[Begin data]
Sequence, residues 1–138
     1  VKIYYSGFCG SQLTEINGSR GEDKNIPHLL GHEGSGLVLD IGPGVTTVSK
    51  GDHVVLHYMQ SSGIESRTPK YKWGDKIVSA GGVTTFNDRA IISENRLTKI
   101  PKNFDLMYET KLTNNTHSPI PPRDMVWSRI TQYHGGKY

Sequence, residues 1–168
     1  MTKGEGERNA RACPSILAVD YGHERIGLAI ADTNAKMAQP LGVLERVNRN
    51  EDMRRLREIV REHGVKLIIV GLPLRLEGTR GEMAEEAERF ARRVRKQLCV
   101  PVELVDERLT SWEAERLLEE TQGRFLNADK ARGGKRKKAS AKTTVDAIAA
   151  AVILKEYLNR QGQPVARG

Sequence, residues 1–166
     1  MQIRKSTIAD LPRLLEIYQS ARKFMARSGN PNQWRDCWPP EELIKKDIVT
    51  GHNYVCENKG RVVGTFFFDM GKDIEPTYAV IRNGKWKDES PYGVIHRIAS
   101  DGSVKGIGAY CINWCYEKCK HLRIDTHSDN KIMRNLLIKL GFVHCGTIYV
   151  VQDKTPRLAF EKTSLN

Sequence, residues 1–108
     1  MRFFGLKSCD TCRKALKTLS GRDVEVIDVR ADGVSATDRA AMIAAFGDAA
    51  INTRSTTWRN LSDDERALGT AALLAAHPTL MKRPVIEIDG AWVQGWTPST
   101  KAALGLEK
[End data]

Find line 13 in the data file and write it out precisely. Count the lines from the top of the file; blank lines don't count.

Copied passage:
   101  DGSVKGIGAY CINWCYEKCK HLRIDTHSDN KIMRNLLIKL GFVHCGTIYV